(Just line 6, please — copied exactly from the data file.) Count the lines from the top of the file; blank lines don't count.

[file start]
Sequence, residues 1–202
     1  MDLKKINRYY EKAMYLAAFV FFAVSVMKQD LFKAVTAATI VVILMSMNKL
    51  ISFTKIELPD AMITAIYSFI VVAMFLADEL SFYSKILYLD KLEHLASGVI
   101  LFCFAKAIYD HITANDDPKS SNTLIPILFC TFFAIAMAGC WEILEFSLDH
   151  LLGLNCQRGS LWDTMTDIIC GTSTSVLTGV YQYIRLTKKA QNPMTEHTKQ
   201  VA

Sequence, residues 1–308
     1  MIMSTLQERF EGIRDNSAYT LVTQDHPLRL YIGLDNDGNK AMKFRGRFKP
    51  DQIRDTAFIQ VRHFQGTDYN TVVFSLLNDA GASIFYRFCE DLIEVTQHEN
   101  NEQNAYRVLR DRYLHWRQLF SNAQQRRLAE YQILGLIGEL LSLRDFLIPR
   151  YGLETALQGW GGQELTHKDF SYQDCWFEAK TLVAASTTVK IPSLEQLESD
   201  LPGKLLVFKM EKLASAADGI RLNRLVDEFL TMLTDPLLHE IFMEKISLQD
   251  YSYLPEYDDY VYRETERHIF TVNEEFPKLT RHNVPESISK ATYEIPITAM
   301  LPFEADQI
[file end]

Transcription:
   201  VA